Yeah, how did it all happen? None of us even thought that far ahead. We just thought, "I hope we make our money back." But to have people use you as examples for things, to hear stories from people where they've been told, "We want your character to be like Wendi McLendon-Covey's character in Bridesmaids," or "A young Wendi McLendon-Covey," it's like-wait a minute, I'm still here! You can call me. It's interesting. I try not to think about it and I just want to be as funny in the next thing and not start relying on tricks. I feel like that happens where so and so has a big hit doing one movie and then they never stop playing the same character over and over. I don't want to do that.
Success is when you get to control your options. What's a comedy that you would love to put together?
I've been trying to figure out a way to bring to life my experience in junior high. Getting my first french kiss when I thought that was the Holy Grail. I lived in a very strict household—I went to private school until sixth grade—and then I was put into a very rough junior high school where I did not know how to cope. Seventh through ninth grade, you're at your ugliest. You're gangly, you're just all limbs, crazy teeth and braces and zits. Your hair is a disaster. You're at your most vulnerable and then you have to go switch schools to one where people are more than willing to beat your butt every day because you're weak. But you're starting to get boy crazy and people are going to parties—and your parents won't let you. I had such a rough time with it, but looking back now, it was hilarious. In a tragic way.
Today, people only think of the middle school experience as bullying. But the psychodrama goes much deeper than that.
Yeah! And you're your own biggest bully. In the wee small hours of the morning, what a middle school brain can do to a person is absolutely brutal.
My theory is that we're all still recovering from middle school.
High school gets all the attention, but it's a comparative breeze.
High school was nothing. But middle school was just rife with emotional turmoil.
By the way, I heard you shot a couple scenes for Steven Soderbergh's Magic Mike. My mental image is you surrounded by man meat.
[Sighs] I was cut out of Magic Mike. It was a little cameo thing and I was only with Channing Tatum.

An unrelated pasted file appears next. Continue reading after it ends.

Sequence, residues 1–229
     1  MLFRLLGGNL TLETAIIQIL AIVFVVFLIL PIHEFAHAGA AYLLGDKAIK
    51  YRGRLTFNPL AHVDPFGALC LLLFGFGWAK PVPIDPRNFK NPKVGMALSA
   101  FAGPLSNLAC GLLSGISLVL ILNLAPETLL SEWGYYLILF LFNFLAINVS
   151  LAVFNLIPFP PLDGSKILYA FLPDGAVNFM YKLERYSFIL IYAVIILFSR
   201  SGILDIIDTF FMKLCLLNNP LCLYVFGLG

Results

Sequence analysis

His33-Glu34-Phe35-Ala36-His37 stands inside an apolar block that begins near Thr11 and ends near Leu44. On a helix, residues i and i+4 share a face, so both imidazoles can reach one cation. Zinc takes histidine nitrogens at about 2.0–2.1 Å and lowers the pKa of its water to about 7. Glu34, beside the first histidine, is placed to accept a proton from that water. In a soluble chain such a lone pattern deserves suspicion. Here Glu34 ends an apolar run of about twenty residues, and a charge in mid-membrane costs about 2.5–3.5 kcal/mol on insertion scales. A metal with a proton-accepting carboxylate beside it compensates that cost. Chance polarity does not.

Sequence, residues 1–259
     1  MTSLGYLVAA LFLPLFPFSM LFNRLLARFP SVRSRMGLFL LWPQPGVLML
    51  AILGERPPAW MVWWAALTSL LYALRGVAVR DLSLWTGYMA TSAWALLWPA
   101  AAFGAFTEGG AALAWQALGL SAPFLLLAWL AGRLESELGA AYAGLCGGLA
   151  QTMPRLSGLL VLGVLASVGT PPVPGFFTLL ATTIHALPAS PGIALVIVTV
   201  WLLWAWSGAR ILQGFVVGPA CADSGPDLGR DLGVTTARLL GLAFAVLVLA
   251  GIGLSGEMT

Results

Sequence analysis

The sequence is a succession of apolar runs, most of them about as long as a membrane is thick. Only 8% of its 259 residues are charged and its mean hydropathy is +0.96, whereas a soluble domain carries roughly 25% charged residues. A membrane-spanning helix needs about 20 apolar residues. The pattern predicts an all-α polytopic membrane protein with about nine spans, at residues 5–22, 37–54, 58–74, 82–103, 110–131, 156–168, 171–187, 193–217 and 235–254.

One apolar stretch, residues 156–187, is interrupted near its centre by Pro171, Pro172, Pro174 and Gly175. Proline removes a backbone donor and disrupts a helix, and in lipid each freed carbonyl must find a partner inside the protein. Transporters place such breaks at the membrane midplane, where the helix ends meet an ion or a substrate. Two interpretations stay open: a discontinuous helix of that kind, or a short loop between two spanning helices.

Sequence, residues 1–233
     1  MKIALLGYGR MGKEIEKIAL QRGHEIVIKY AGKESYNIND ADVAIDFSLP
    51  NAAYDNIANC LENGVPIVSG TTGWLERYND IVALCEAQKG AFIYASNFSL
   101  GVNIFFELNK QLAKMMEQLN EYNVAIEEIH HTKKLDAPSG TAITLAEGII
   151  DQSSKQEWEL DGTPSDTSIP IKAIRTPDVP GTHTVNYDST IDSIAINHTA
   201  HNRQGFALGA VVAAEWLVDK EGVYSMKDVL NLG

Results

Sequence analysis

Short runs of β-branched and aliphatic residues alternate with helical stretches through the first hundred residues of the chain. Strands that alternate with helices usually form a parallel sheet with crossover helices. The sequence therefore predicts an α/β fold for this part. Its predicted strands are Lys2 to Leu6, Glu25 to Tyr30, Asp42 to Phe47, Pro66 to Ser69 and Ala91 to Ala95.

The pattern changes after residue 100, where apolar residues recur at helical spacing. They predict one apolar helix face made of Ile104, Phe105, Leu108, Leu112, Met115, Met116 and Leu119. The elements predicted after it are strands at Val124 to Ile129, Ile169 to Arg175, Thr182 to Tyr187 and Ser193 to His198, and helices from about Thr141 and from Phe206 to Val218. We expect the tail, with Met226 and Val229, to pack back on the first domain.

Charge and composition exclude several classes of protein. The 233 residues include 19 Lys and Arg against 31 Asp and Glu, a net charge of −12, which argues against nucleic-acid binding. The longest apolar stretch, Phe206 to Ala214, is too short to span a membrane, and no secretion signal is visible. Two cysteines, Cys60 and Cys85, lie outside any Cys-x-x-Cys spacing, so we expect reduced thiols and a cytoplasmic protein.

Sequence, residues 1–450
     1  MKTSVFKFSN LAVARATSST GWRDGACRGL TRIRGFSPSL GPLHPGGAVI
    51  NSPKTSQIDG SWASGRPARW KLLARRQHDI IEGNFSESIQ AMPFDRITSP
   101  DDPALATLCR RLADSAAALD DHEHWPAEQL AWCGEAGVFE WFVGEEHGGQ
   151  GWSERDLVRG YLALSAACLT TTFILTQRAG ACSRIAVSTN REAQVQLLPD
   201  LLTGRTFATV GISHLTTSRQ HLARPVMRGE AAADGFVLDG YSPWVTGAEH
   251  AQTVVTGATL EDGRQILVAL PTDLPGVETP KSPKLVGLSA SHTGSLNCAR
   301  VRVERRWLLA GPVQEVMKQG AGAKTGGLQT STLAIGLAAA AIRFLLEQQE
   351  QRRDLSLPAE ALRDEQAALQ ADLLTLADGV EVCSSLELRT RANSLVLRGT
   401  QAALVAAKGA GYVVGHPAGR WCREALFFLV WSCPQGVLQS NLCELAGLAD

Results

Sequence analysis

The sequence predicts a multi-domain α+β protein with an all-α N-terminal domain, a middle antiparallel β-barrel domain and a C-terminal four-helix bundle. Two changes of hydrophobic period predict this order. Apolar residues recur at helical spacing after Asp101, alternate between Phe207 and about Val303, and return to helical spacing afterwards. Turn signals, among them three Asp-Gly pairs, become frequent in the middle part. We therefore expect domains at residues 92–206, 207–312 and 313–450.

Was he shirtless?
He wasn't. He was shirt-ed. But it was just as erotic, let me tell you. That man. He's got it going on—he's got a bright future ahead of him. But no, it's the worst thing in the world to have to tell people, "Well, I was cut out."
It seems so hard to be an actor—especially as a woman and a comedian—to keep putting yourself out there.
I'll tell you, the thing that turned the thought process around for me was I used to go to every audition thinking they were going to pick me apart. I would second-guess myself and try to figure out what they'd want me to be. And then I figured out: they don't know what they want until you show it to them. That turned my game around. You don't know you want dessert until someone pushes the dessert cart in front of you. So I'm going to go in and do it my way, and if they like me, they'll give me the adjustment. There is no such thing as rejection, when you really think about it. It's walking through the maze: you either hit a wall and stay there, or you go find another way out.
Is there a lot of mentoring among female comedians?
I think there is, or at leas that's the way it was for me. There were a lot of nice women at the Groundlings who were like, "This is the process, and it's going to get better. But there will be a lot of ups and downs and you have to do this because you love it." For everything people say about women being catty, I haven't really encountered some bitchy ladies. I've met nice, funny ladies. Of course, if you go looking for it, you can find it. But then, you're just hanging out with the wrong women.
Is Bridesmaids 2 something you'd want to do, or would you rather push forward and make something new?
We all had so much fun doing that movie, and I think any of us would repeat the experience if someone had time to write something really good and unexpected. But everybody's so busy now. And I think it's too soon. I don't know if the studio feels that way, but I think Bridesmaids is something that should be revisited down the line. Maybe at a funeral: Pallbearesses.